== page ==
Review: The Thief’s Apprentice by Bryan Methods

Review: The Thief’s Apprentice by Bryan MethodsThe Thief's Apprentice by Bryan Methods
Published by Carolrhoda Books on October 1, 2016
Pages: 272
Goodreads |

I received this book from the author in exchange for an honest review.

Professional Talk About The Thief’s Apprentice

The Thief’s Apprentice is an exciting story for young readers. When Oliver Diplexito accidentally discovers that his butler, Mr. Scant, is really the famous criminal, the Ruminating Claw, he wonders if his family is in danger. But Oliver learns there’s more to Mr. Scant than meets the eye. In a story that’s equal parts mysterious and thrilling, The Thief’s Apprentice takes readers on an exciting journey into the world of Oliver Diplexito, apprentice to Mr. Scant. The art forgeries and museum heists provide enough action to hook any kid. Just when you think you know the characters, they surprise you when you least expect it. Though the plot is sometimes too convenient at times, it is, nonetheless, a fun read for ages 7 and up. The novel is good for independent readers and for bedtime reading with parents. The characters are fun, and there is just enough internal conflict to help kids connect with Oliver on a more personal level. Verdict: The first book in a fun series. Great for kids who have active imaginations and who love thrilling adventure stories.

Personal Talk About The Thief’s Apprentice

Here’s what I loved about The Thief’s Apprentice:

  • There’s plenty of action and drama to keep kids invested in Oliver’s story.
  • Oliver is a kid with a giant heart. He worries and feels anxiety, and I think those are important characteristics for other kids to see.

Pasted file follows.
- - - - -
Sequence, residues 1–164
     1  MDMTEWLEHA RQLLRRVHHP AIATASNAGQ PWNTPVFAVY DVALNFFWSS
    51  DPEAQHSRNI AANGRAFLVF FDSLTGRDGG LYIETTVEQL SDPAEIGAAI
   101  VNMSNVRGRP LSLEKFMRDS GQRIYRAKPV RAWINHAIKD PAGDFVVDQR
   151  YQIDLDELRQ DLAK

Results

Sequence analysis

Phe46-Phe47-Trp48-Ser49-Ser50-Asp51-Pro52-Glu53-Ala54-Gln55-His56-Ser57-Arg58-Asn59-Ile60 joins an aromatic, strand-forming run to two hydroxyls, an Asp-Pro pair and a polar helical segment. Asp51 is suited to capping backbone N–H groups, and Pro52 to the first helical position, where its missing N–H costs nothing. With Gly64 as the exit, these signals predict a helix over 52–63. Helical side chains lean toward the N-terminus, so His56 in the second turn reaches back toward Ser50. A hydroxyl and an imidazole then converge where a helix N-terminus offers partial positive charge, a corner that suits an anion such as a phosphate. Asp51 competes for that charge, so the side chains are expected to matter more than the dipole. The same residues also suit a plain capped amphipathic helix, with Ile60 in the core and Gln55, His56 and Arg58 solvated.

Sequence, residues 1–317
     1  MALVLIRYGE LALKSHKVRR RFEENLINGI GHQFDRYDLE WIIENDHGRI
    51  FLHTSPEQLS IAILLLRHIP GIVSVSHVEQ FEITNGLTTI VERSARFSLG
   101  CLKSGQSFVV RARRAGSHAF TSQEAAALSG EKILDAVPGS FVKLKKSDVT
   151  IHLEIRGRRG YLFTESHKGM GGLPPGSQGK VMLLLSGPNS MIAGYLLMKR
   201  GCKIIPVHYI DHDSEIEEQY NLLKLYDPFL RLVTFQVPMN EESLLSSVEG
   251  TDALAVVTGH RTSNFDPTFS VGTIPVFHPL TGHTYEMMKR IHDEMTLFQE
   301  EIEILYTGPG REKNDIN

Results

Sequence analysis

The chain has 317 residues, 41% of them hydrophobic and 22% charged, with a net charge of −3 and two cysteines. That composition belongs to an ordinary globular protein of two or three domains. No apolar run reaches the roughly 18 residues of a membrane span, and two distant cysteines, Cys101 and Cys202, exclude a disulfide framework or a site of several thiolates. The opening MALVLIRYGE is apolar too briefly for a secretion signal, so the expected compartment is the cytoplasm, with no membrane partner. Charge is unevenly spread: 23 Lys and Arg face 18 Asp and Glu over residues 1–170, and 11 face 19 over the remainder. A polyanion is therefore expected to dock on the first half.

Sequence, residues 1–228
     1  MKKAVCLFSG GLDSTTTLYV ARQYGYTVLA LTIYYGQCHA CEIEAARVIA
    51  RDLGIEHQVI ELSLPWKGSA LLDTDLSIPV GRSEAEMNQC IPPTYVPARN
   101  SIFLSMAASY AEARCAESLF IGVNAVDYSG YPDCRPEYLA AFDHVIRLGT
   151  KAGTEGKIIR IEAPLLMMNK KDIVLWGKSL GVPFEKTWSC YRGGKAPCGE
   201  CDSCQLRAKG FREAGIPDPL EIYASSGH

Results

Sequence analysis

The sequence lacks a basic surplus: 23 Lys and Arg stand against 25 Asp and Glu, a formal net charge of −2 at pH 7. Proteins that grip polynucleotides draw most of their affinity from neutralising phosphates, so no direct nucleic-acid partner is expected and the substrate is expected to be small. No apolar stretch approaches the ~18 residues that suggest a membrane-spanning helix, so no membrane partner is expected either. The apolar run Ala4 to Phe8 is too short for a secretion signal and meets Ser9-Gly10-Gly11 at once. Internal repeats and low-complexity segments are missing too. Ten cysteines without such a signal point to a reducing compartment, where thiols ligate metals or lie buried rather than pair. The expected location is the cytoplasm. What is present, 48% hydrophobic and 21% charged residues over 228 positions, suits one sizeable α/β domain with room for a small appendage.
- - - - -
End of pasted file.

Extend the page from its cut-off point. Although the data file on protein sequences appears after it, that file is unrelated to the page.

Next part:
• I laughed out loud at the end. The ragtag cast of characters in the car chase at the end was everything I wanted at the end of a middle grade.
  • I also enjoyed the English setting. The British English vocabulary alone is worth it. I could be a great way to get kids to start using the dictionary.

The plot is a little thin in places, but I do think it’s because the author uses first person point of view to tell the story. Regardless, there were areas where I felt that Oliver was just along for the ride and not being an active agent that propels the plot forward. Despite this, The Thief’s Apprentice is a fun story that both kids and parents will enjoy. I’m interested to see where this series goes, as there is endless potential for great adventures.


© 2016, Jessica Workman Holland. All rights reserved.

  • This sounds like a lot of fun! I love MG adventure books and love the criminal element here. This sounds like it would be a good read aloud book.

    • I think it would be an excellent read aloud book. It’s fun, it’s not too heavy, and there’s plenty of opportunity for fun voices if you can manage them. My mom always did the best voices. 🙂

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